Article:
The book's age takes very little away from the book. Russell even acknowledges that the fields of science he speaks about are still progressing and his words about them will one day be less poignant.
Fascinating and quick, I read "S&R" after "The Problems of Philosophy" and "The Conquest of Happiness," but before "Why I Am Not a Christian."
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23 of 28 people found the following review helpful By Daniel on February 5, 2003
Format: Paperback
I really enjoyed this book. Basically this is a history book of science and religion and how they have interacted over the history of mankind. Bertrand explains how almost every great scientific finding or revolution is oppressed ...by religion in some way or another. Copernicus, Newton, Galileo, Darwin, Vesalius, Harvey, Simpson, and many other distinguished scholars have all been at least fearful of the reactions of the churches, but also of the general population. Bertrand also goes into detail how the idea of ?soul? has changed through time: ?We not only react to external objects, but we know that we react. The stone, we think, does not know it reacts, but if it does it has ?consciousness.? Here also, on analysis, the difference will be found to be one of degree.? I rate this book with five out of five stars; I enjoyed it and still do enjoy it thoroughly.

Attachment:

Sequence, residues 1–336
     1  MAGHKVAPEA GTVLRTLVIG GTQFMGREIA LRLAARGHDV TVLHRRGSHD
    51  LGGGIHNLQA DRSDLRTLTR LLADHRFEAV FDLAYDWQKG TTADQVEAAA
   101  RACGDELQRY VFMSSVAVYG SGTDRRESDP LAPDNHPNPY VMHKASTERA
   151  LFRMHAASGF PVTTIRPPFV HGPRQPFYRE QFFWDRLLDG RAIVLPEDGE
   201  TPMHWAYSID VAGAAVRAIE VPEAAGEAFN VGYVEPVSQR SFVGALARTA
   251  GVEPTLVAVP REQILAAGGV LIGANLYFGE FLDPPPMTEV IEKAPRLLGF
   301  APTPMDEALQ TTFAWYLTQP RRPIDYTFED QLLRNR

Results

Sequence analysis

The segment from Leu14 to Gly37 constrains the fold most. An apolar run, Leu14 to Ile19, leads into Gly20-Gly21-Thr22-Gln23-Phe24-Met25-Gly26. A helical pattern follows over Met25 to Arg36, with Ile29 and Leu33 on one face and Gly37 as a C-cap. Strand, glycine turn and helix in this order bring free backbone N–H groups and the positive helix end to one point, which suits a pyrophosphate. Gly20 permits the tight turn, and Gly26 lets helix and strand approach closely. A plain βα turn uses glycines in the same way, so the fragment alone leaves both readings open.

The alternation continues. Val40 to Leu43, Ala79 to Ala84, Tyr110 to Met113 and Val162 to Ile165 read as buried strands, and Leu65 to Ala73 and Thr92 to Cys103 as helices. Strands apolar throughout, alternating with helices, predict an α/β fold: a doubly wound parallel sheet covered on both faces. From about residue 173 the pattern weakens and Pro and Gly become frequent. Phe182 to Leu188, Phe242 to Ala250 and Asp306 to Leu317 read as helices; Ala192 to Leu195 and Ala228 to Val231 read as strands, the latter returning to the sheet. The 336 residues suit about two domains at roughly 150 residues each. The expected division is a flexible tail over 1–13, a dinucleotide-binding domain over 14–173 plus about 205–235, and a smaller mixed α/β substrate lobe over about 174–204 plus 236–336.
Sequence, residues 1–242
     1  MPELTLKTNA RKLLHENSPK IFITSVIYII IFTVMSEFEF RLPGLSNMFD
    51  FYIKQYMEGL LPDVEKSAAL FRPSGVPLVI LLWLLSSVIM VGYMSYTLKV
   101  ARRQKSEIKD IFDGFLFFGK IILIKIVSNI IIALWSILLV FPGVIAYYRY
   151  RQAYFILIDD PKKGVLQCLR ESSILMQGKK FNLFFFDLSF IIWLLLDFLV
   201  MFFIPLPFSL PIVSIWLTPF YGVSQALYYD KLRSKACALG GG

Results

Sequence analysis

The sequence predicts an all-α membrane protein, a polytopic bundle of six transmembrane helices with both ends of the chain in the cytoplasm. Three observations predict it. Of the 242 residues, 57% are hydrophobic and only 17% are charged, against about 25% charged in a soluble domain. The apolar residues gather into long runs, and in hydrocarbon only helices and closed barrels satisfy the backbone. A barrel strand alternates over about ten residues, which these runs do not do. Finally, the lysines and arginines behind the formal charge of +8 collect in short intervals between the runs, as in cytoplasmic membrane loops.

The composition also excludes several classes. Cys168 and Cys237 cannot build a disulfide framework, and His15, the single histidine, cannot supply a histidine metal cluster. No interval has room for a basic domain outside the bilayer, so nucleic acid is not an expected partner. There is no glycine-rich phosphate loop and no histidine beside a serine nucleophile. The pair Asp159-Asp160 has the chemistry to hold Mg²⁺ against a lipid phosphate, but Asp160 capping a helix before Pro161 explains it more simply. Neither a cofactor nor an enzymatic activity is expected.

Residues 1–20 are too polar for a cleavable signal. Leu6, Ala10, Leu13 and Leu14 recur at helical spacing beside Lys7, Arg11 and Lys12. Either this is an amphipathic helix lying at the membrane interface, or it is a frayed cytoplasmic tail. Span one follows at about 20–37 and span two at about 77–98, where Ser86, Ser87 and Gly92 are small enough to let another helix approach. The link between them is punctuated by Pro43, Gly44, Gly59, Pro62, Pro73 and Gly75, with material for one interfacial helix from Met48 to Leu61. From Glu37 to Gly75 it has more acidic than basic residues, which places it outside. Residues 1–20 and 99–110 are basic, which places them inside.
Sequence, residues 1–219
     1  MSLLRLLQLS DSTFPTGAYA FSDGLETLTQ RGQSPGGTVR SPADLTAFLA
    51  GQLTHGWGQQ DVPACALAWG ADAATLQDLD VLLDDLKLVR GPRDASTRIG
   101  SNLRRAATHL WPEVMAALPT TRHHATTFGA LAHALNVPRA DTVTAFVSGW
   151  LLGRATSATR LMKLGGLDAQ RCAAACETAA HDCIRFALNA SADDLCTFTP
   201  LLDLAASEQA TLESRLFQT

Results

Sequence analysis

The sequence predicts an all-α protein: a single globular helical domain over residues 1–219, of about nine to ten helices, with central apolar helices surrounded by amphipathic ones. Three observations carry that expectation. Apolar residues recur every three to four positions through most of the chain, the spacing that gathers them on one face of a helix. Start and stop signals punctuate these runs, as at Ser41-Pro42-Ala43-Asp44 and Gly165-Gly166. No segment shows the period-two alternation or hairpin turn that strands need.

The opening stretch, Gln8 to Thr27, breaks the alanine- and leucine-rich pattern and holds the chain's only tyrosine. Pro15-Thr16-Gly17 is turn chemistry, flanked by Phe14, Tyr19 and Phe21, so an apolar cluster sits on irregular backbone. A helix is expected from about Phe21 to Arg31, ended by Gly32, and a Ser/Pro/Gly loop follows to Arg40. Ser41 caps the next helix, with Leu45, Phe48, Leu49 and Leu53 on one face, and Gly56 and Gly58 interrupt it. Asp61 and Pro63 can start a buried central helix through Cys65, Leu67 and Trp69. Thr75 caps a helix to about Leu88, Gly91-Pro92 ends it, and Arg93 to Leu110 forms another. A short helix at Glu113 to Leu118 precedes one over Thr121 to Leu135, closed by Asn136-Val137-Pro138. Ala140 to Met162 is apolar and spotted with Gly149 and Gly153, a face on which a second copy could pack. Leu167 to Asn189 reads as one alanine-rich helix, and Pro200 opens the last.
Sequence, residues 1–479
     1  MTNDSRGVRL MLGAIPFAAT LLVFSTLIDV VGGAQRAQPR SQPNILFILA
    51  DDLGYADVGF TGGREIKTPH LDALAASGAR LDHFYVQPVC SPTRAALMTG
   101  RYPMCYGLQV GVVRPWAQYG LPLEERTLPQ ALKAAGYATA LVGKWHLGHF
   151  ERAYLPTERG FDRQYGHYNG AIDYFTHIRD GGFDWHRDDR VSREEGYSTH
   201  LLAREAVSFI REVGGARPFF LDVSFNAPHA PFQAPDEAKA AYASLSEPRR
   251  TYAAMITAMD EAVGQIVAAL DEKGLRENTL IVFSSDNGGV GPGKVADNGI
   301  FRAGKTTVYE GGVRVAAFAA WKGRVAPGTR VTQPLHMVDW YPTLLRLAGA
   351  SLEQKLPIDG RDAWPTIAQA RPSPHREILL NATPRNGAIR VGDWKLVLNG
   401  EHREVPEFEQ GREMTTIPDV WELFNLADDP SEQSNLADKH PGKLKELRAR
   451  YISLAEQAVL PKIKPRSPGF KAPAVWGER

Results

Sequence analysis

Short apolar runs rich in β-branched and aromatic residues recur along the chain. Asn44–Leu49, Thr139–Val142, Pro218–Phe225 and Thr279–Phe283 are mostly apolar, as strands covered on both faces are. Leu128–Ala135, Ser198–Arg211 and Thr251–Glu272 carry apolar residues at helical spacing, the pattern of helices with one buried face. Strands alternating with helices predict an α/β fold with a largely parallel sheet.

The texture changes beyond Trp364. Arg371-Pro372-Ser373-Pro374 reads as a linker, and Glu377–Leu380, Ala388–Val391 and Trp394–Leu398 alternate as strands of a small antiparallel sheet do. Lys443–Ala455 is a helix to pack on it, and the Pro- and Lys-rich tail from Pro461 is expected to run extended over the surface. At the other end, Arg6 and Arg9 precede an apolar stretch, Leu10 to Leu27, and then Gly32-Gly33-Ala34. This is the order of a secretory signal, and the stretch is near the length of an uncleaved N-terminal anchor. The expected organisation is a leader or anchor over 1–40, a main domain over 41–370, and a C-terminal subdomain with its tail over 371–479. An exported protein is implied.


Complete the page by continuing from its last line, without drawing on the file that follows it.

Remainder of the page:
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18 of 22 people found the following review helpful By Hans Castorp VINE VOICE on February 24, 2005
Format: Audio CD
Hard to believe that this Book (here in CD Audio Format) was written was back in 1932! Most of it is as current and relevent now as then. The CD is broken down in to several parts, including RELIGION AND THE SCIENTIFIC METHOD,RELIGION AND DISEASE,RELIGION AND EVOLUTION, RELIGION AND MYSTICISM. Always very polite and a bit understated, the CD begins commenting on Copernicus and Galileo, scientists contradicting the dogma of their times. Then onto Church responses to disease including 1600's Plagues, and Smallpox. The blame was put on demons and devils, not germs aor viruses. His comments on the Smallpox outbreak in 1880's Montreal are worth the price of the CD. Evolution and biology are discussed, and Russll has some interesting thoughts on mysticism. Very worthwhile in this CD format!